by David Stafford
Sometimes, the worst thing that can happen is to win a bid. Here are a few examples:
Scope of work changes. A job was described as a direct glued over concrete installation, and “the owner will remove all existing carpet and VAT.” The only mention of floor prep, was “flooring contractor will be responsible for minor floor prep.”
When the project had been visited, no removal had been done. When it came time to perform the work, it was apparent shot-blasting was used to remove asbestos adhesive residue leaving a rough, uneven surface. The dealer submitted a change order request for skim coating but it was rejected as being too costly, and “floor prep was supposed to be part of your bid anyway.”
There had been no description of the type or amount of floor prep to be done. The dealer was reluctant to proceed without a firm dollar figure but was threatened with the liquidated damages provision of the contract. So, the dealer did the skim coat, and negotiated a change order for about half of what he should have been paid.
Mistakes in bids. In one large bid, the estimator left out an entire floor; in another, the scope of work was accurate, but the line item for installation labor was left out, resulting in no labor being charged. In one sad case, everything was correct on the bid except for a transposition error—93,675 became 63,975—and, unfortunately for the dealer, all that was required was a final number.
In these examples, the bidder was held to his price. “We are not responsible for your mistakes and we relied on your numbers to make an award; you cannot withdraw bid.” One dealer refused to sign the proffered contract, but was told, “Your offer was signed and accepted, so you have no choice but to perform.”
The dealer’s attorney agreed.
A deposit may be required. When the dealer has taken an order, he has already had to set payment terms. If he tries to go back to his client and get a deposit, he may not be successful. There have been cases where a mill rep told the client a deposit is required but failed to tell the dealer until the order was ready to be placed. The client’s response is usually, “I thought you figured the deposit in your pricing and would take care of it (float the money and then bill me).”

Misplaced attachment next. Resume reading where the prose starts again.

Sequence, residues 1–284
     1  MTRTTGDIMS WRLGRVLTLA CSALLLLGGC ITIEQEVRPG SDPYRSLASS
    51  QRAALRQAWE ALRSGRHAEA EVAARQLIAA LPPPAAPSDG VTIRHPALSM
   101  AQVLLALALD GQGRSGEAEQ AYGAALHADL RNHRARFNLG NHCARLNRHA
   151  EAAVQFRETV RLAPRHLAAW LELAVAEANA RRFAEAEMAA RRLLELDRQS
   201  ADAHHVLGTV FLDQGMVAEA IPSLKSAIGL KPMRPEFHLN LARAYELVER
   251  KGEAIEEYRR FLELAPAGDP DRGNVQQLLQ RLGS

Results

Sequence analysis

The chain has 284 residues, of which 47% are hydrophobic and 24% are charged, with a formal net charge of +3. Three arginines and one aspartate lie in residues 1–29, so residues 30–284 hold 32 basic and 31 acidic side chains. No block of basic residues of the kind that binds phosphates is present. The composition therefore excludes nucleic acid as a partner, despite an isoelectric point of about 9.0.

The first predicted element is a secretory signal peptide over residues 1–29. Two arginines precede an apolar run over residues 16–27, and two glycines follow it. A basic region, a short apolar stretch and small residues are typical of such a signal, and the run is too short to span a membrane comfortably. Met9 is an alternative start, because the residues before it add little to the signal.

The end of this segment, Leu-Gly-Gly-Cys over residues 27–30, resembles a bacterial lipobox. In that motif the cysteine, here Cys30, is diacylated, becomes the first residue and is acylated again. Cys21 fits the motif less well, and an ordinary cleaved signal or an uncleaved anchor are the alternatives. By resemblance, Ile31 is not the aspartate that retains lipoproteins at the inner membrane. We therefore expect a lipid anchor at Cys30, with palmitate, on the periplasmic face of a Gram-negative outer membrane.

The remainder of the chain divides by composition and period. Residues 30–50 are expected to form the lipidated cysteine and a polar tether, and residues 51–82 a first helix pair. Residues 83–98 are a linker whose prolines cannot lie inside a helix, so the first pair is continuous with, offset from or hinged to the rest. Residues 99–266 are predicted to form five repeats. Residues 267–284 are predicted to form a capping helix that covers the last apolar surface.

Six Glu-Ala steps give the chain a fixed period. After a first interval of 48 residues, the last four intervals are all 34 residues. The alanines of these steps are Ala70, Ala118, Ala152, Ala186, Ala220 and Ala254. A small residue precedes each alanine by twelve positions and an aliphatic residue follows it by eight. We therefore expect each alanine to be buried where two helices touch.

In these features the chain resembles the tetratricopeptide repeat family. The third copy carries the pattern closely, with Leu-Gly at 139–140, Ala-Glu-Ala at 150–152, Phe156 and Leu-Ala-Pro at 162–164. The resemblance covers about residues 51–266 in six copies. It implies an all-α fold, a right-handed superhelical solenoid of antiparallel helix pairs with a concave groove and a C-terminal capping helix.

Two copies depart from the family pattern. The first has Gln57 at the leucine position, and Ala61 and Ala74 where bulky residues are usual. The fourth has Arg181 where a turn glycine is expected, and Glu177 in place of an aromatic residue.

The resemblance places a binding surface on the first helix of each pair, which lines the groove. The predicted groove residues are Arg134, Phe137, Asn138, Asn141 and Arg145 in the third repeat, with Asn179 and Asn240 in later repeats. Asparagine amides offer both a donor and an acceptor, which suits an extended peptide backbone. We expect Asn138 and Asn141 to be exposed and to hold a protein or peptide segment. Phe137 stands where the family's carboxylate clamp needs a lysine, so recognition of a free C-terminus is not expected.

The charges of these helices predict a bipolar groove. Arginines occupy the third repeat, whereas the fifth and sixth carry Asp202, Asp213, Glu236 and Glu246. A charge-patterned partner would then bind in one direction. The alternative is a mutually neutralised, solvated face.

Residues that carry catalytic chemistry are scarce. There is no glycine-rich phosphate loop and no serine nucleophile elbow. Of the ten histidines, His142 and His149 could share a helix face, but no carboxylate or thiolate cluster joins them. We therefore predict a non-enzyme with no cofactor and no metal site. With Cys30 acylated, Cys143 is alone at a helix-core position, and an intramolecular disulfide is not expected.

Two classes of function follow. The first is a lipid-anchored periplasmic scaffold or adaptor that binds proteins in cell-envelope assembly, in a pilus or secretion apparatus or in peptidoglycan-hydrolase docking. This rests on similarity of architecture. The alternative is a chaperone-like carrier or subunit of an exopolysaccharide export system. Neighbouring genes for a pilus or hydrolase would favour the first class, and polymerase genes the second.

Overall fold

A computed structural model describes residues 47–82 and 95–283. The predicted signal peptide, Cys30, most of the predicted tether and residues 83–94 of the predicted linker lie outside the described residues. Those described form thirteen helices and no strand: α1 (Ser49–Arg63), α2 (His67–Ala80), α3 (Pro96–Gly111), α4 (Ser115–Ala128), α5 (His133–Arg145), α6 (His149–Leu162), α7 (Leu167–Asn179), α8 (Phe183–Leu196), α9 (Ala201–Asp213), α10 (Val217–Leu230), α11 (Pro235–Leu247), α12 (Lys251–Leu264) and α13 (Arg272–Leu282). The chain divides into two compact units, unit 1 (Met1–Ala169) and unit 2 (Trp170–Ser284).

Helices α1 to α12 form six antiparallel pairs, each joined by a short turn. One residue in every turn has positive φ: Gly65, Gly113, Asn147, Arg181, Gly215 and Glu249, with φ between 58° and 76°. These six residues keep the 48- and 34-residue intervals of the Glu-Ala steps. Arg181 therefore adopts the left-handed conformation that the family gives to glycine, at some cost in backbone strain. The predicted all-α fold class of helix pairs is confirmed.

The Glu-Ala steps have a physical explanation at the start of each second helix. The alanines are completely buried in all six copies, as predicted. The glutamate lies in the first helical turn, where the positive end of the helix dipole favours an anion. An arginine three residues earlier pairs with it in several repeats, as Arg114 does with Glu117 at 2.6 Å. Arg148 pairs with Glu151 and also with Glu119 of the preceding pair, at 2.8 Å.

Change in payment terms. A custom job order was placed, but the dealer’s written purchase order did not note terms. The product was shipped and invoiced by the mill with a notation terms were net 30 days, which was overlooked since the mill’s standard terms were already part of the dealer’s accounting database. The bill was paid within the standard discount terms. Four months later, the dealer received an invoice for $2,000 for “improperly taken discounts.”
This was the first time anyone knew terms had been changed.
In a similar case, the mill rep gave a better price but eliminated terms. The dealer found out he was going to lose over $11,000 in terms after he had received the first of three shipments. The mill’s regional manager said, “I can’t do anything about the shipment already made, but we will split the difference and I’ll put terms on one of the other shipments.”
Needless to say, the dealer wasn’t pleased, but had no choice.
The “devil is in the details” and these examples clearly show why.